# How much production (gallons sprayed) for a tech each day?

Discussion in 'Pesticide & Herbicide Application' started by eggy, Jul 5, 2013.

1. ### Hissing CobraLawnSite Senior Memberfrom On a green lawnMessages: 705

Back when I used to spray lawns I'd average about 100,000 sq. ft. per day, give or take a few thousand sq. ft. I sprayed at 2 gallons per minute and followed all label rates. I'd use anywhere between 200-250 gallons. This is the minimum that I would try to do.

The way our company worked was like this: Each route would be calculated in Total Sq. ft, total amount of lawns, and total amount of money to be billed.

Total Sq. ft. of applications divided by 6 (number of weeks in each round)
Total amount of lawns divided by 6 (number of weeks in each round)
Total amount of dollars to be billed divided by 6 (number of weeks in each round)

So say my route had 3 million sq. feet, 330 lawns, and \$33,000 to bill out. That would equal the following production numbers for the first week of the round:

100,000 sq. ft. per day
11 lawns per day
\$1,100 to bill per day

If I hit those goals for that week my numbers would be the same each week but if I exceeded them, which was easy to do, we'd take the left over total numbers and divide by 5 (weeks left in a round). Thus if I had billed 120,000 sq. ft per day, 14 lawns, and \$1,280 for billing, my 2nd weeks worth of numbers would look like this:

96,000 sq. ft. per day
10.4 lawns per day
1,064 to bill per day

This would go on each day and it ensured that our routes would be finished on time. If you exceeded your goals on a daily basis, your numbers would drop the following week, allowing you more time to do service calls, take a longer lunch, etc... I usually finished my route up in 4 weeks and would have no production to do for the final two! Since I cannot be paid to do nothing, the managers would have me jump into routes where someone had quit, been fired, or had just been lazy. I would continue to put up the same numbers and when bonus time came up in July and December, those who were consistent, did a good job, helped out in other routes, etc.... were usually taken care of with larger bonuses.

We had 15 guys in our location and around 80 between all 3 of our locations and numbers would vary. For my route, these numbers were consistent from season to season. We did have some routes where one of my co-workers would be in a single neighborhood on Cape Cod for 3 straight days without much driving at all. Those routes had numbers that were a lot higher.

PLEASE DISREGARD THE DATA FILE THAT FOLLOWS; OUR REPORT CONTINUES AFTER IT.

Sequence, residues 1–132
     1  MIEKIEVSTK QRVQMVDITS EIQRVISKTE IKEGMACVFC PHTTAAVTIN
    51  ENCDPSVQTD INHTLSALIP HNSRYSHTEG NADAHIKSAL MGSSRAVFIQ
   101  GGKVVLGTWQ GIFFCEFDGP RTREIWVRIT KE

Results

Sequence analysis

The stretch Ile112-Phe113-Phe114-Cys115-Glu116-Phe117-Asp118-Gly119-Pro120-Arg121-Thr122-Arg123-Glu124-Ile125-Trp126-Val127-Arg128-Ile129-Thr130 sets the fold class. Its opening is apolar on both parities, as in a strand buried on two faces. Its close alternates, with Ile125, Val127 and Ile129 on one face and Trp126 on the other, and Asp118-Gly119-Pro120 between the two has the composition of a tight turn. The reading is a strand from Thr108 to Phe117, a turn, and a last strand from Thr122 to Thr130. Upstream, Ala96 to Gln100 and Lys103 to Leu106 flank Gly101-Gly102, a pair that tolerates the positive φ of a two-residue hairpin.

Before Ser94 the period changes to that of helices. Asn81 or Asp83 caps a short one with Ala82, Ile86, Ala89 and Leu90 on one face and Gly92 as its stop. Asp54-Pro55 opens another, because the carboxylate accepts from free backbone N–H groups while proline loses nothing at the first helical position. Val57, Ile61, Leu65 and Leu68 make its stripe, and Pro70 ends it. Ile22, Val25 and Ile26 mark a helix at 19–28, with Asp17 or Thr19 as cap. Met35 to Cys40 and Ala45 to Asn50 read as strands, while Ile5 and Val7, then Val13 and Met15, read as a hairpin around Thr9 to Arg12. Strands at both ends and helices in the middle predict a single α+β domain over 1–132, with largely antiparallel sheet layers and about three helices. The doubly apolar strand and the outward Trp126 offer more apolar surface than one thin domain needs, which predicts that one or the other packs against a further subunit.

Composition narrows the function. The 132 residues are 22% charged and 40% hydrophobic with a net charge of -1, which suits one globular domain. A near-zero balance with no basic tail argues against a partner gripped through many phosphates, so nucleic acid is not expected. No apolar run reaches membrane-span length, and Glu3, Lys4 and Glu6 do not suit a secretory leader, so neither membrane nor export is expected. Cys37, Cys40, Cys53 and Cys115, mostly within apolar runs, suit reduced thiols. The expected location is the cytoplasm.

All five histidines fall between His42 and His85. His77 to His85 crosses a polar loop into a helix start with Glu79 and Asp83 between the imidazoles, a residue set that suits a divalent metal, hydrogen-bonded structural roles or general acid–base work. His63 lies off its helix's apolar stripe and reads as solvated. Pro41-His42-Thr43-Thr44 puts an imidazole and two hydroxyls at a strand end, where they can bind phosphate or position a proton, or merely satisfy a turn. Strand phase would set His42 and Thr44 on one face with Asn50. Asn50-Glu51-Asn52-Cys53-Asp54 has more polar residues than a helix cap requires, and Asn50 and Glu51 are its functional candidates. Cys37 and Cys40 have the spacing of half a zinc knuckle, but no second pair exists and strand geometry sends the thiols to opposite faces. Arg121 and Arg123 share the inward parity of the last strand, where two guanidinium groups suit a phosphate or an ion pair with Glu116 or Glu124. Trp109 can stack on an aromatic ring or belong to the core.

Some of the numbers listed above I can't even fathom!

Last edited: Jul 8, 2013
2. ### CadzillaLawnSite Senior MemberMessages: 903

A good man with good equipment and a good route should be able to do 300,000 sq ft every day by hand.

That being said. No company I ever worked for paid any attention to that.

It was stops or dollars.

I run ride on's today and can do three acres an hour all day long so I can do 300K in 2.5 hours and not even get my feet wet.

3. ### turn3LawnSite Memberfrom Monterey, TNMessages: 69

What ride on are you using?

I'd love to have a ride on but can't get my boss to budge on getting one. He jumped on using Holganix this year and I'm afraid the cost (I'm not privy to the \$ of Holganix) may prevent me from getting a ride on any time soon.

Probably a stupid question but do mix rates change when using a ride on?

4. ### CadzillaLawnSite Senior MemberMessages: 903

Whether a ride on is good for you is up to you but I can tell you theres not anyone I know who wouldn't or doesn't benefit greatly from using them.

Theres different sizes available for different needs. I have LT Rich Z Max's but all the machines are worthy.

Application rates of granular fertilizer don't change but the weed control is mixed as they say "Low Volume." That is to say the mix you are carrying and applying is concentrated and stronger than the mix you apply from a spray hose or back pack because you are applying much less liquid "volume" but the amount of active ingredient applied per thousand sq feet is the same.

The three hundred gallons of water and weed control you spray in one day to do 100,000 or a little better square feet will get me roughly 18 acres of coverage mixed for a low volume machine.

Last edited: Jul 10, 2013